Cumbrian social worker keeps job as drunk kiss claim not proved
A Whitehaven social worker “admonished” for professional misconduct at a hearing will keep her job. Members of a General Social Care Council panel gave their judgement yesterday after hearing evidence against Emma Grimshaw.
She had been accused of inappropriate conduct towards a recovering heroin addict and alcoholic, referred to only as Miss A.
The allegations date back to March 2009.
The complaints against Miss Grimshaw included that she got drunk with Miss A, kissed her, gave her false hopes about rehabilitation and intimidated her.
The panel found that the allegations were “not proved” but said that there were still clear breaches amounting to misconduct.
Miss Grimshaw broke the rules when she discussed professional matters with Miss A and mentioned friends the women had in common, creating a “conflict of interest”.
Jane Lindsay, defending, said that Miss Grimshaw had made the mistake in trying to create a rapport with Miss A who then “manipulated the situation”.
Miss Grimshaw also admitted that she did not tell her employer when Miss A visited her home, a further breach of her code of conduct.
Ms Lindsay said: “This has been a desperately difficult period for Miss Grimshaw, with ongoing harassment from Miss A.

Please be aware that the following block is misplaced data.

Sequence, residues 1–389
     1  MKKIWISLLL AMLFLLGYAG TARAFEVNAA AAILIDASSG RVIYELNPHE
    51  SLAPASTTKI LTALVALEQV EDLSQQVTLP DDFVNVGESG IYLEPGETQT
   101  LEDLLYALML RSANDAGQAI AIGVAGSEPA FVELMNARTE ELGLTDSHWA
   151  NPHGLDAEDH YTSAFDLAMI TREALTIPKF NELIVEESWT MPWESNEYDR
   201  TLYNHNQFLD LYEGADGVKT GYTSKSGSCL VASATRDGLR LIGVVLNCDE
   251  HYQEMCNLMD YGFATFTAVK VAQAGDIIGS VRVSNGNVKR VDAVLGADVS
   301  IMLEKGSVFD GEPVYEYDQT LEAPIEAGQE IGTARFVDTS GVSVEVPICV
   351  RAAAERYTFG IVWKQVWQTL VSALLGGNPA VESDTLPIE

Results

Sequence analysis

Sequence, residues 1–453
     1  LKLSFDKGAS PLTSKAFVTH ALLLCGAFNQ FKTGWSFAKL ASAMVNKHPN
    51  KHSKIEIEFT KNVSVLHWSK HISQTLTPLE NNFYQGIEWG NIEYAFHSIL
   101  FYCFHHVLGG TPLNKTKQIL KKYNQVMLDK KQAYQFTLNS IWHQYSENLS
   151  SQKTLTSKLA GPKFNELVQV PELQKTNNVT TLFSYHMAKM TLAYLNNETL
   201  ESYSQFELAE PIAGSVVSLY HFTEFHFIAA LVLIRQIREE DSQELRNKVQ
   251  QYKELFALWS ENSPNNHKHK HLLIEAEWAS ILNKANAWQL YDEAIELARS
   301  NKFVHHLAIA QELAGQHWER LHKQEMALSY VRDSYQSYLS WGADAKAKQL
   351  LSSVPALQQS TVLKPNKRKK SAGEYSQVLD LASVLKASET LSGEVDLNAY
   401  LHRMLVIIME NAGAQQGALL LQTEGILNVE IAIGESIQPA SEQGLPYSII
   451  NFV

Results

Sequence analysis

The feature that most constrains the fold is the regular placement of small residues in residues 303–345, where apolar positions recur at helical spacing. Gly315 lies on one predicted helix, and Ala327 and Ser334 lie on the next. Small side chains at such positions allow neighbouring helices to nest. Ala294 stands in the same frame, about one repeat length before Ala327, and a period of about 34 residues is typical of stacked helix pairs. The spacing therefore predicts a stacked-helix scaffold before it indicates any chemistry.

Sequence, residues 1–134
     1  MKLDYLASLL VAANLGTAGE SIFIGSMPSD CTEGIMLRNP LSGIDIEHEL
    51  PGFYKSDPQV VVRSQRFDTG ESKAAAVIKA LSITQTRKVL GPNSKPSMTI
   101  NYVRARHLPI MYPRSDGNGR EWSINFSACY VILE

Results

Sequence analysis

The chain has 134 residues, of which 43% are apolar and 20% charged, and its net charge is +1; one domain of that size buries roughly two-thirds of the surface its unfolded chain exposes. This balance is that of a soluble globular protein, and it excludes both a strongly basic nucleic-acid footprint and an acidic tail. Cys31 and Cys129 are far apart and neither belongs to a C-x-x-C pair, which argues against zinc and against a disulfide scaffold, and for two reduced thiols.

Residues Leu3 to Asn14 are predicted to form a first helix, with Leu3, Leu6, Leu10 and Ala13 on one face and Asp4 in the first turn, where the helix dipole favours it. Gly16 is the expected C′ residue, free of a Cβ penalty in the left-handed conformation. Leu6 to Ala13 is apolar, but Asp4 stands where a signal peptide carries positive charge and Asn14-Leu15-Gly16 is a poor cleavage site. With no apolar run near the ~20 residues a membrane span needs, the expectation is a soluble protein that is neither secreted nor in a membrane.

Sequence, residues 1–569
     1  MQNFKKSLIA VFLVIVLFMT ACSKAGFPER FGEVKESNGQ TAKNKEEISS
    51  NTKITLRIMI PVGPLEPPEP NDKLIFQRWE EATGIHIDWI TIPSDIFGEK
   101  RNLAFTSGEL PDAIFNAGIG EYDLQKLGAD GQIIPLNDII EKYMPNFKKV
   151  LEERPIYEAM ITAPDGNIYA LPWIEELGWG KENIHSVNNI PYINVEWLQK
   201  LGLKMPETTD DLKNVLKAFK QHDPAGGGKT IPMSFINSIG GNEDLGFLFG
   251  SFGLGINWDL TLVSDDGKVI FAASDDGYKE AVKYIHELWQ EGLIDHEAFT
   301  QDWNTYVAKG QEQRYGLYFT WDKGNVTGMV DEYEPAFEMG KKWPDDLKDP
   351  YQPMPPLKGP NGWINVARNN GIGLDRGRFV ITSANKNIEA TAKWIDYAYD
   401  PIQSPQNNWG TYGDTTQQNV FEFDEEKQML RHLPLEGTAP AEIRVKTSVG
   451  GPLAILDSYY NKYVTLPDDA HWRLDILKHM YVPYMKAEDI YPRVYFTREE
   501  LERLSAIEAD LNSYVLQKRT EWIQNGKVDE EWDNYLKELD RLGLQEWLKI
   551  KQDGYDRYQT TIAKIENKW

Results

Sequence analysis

“Sometimes life has been fearful and impossible and she finds it hard to go out in her home town.
“She has had to move house. The cost to her has been extremely high and has been of great detriment to her health, self-esteem and confidence and she has had to seek help from her GP.
“The length of time it has taken has been unacceptable.
“I think what we have got here is a good social worker that made a mistake.
“Many social workers may inadvertently make a tenuous link to a service user, knowing it’s not correct.”
Admonishment was the least serious sanction that the panel could impose.
Other options open to them were to take no action; to suspend her; and to remove her from the social workers’ register.
The admonishment will appear on her record for three months before being expunged.